After learning of the debacle that my brother, Heang, and uncle Lai Hea went through during their attempted trip to Chamkar Leur, my mother decided to never again let any of her children go to live with her relatives. If we were to die, she said, we would die together as a family. The only remaining issue for us to contend with was Aunt Muoy, her husband, Kun, and Uncle Lai Hea who were living with us as one big extended family. During one of Grandma Seung’s visits, we all talked about the possibility of having Aunt Muoy, her husband, Kun, and Uncle Lai Hea returned to live in Phum Chi Ro as they were not part of the Chhay family and, therefore, the Khmer Rouge would have no reasons to persecute them. On the other hand, if the Chhay family were to be taken away or prosecuted by the Khmer Rouge, they (my aunt and uncle) could be spared if they were not with us. After thinking it through, Grandma Seung agreed to the idea and allowed my aunt and uncle to return to live with her in Phum Chi Ro, but at a different time. Thus, upon her return to Phum Chi Ro, Grandma Seung took Uncle Lai Hea with her and promised to come back and take Aunt Muoy and her husband on her next visit.

A few weeks later, Grandma Seung came to visit us again with a plan to take Aunt Muoy and her husband, Kun, with her upon her return to Phum Chi Ro. However, when it was time for her and her husband to leave for Phum Chi Ro, Aunt Muoy had a last minute change of heart. Aunt Muoy had lived with my mother since she was a teenager. My mother had raised her and even acted as her guardian when she got married in late 1974. Hence, the bond between them was more than sisters. It was like mother and daughter. (By the way, my mother did not have any daughters).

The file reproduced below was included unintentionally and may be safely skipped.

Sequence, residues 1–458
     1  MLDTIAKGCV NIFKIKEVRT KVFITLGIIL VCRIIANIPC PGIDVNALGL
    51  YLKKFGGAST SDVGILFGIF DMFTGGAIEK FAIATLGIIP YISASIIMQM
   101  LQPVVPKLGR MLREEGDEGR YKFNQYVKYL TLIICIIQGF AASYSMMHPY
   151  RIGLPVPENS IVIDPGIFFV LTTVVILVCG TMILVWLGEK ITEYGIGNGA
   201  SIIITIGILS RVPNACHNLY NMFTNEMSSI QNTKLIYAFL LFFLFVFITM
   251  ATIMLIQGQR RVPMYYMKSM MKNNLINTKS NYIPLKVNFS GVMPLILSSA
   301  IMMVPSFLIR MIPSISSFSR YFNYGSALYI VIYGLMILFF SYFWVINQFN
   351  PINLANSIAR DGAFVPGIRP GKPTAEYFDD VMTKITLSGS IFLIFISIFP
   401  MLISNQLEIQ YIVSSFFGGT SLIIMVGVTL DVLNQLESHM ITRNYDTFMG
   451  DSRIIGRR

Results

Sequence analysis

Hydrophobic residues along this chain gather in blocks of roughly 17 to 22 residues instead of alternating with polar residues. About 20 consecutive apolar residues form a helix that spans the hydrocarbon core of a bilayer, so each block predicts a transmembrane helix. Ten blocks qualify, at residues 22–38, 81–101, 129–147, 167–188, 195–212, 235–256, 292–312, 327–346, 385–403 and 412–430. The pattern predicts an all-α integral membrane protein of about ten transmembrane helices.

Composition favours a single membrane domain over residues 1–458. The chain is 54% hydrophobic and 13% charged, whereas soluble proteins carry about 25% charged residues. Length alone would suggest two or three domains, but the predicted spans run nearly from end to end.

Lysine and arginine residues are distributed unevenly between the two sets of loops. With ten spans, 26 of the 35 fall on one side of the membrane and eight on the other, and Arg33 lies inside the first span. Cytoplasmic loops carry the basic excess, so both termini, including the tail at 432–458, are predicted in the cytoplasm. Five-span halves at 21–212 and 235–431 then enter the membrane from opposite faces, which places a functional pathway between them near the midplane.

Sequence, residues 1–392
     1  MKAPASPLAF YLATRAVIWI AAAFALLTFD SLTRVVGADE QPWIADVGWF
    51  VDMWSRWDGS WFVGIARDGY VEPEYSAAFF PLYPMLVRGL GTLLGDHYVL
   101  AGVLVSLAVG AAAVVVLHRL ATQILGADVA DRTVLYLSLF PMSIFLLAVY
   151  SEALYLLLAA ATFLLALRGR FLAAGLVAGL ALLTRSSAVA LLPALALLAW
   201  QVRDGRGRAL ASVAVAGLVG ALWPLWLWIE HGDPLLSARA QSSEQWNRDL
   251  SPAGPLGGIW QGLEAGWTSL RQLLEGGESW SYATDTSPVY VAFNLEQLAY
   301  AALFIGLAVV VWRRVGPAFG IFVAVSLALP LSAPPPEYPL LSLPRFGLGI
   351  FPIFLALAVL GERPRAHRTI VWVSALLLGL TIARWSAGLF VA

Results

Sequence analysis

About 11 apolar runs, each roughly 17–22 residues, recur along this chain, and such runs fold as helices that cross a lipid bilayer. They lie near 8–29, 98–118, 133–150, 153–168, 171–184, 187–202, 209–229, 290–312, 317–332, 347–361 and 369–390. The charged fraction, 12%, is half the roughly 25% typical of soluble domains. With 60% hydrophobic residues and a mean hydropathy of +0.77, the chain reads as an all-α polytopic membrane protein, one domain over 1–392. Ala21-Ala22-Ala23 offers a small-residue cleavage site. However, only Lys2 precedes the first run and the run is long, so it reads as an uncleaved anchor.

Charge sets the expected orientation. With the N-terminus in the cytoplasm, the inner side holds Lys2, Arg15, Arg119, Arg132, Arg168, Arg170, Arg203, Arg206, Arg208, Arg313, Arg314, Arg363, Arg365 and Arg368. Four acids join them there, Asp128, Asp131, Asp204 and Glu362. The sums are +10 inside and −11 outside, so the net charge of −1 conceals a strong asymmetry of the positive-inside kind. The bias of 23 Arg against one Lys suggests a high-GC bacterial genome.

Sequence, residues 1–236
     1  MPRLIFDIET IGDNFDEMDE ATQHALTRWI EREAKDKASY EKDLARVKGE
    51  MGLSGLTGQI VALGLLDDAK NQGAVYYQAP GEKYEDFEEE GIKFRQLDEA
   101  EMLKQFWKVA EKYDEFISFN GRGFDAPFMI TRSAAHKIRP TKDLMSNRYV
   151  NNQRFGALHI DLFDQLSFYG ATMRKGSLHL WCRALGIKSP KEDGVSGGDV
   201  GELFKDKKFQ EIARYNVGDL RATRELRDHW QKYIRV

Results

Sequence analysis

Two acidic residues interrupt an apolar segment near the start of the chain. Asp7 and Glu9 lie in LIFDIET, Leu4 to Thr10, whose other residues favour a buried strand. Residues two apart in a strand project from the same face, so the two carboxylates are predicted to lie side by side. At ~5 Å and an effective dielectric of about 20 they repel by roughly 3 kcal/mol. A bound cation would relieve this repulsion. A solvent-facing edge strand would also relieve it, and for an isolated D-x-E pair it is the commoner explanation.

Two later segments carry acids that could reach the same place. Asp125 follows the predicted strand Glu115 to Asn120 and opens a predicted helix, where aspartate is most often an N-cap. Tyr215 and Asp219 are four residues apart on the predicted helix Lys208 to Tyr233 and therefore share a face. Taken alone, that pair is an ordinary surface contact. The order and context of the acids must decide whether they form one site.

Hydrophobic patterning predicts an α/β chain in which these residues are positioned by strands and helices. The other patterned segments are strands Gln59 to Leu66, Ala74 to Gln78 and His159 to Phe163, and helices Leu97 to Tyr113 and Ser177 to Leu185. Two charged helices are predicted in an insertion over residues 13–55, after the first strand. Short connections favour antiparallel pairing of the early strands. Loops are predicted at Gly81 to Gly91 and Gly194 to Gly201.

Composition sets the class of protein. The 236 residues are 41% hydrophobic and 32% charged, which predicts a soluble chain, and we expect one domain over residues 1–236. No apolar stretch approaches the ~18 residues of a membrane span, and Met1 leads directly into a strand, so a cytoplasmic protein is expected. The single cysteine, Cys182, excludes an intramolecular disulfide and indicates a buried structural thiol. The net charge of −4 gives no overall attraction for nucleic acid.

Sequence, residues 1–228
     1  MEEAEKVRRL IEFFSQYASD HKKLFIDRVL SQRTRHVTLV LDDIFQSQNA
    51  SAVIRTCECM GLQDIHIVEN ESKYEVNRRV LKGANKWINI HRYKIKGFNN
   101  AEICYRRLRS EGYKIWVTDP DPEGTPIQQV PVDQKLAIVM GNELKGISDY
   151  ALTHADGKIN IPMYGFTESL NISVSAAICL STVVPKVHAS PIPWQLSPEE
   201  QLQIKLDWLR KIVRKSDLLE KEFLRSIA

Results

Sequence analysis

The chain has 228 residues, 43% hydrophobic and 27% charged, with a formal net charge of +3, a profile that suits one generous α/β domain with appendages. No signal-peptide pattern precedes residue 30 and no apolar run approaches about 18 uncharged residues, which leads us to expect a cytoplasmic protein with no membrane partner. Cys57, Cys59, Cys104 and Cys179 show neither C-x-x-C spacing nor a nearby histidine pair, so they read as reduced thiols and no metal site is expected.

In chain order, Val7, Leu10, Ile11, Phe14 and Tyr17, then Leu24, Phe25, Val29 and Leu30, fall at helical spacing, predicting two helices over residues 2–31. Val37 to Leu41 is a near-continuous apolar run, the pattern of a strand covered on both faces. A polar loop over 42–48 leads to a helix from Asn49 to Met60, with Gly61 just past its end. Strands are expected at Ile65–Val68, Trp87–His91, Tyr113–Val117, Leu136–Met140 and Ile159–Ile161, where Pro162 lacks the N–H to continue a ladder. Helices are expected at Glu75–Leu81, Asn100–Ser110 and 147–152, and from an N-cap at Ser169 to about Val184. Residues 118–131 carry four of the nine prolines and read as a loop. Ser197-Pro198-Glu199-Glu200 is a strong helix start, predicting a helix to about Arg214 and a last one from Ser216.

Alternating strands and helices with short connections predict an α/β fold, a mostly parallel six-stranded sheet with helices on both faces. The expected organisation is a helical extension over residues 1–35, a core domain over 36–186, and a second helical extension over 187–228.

For Aunt Muoy, the issue of her last minute change of heart was not a personal safety reason; it was a moral reason. She didn’t feel it was right for her to abandon my mother in such a situation. After a lengthy and tearful discussion, Grandma Seung and my parents agreed to let Aunt Muoy and her husband remain with us. However, as a precaution, Aunt Muoy and her husband would have to register as a separate family unit and keep our relationship at arm’s length so that if one family were to be taken away by the Khmer Rouge the other might still have a chance to survive. As an internal rule among us, it was almost absolute that if the Khmer Rouge were to persecute any one of our families, the other must not show any form of connection so that it could avoid being persecuted as well.
(To be continued)

Wednesday, November 21, 2012

The Customs of Cambodia (By Chou Ta-kuan)

10) Language

Cambodian language sounds somewhat similar to Chinese. However, despite the similarity, we could not understand each other’s language. The Cambodian language appears to be unique to Cambodia. Even neighboring countries such as Champa and Siam, they are unable to understand it either. Numerically, Cambodians count 1 as mouy, 2: pik, 3: bek, 4: puon, 5: pu-nam, 6: pu-nam-mouy, 7: pu-nam-pik, 8: pu-nam-bek, 9: pu-nam-puon, 10: tab. Fathers are called Pa-tho, uncles are also called pa-tho. Mothers are called me, so as aunts or neighboring women. Older brothers or sisters are called pong. As for younger sisters or brothers, they are called pov-ong. Maternal uncles are called ngan-lai. The husbands of paternal aunts are called pu-lai.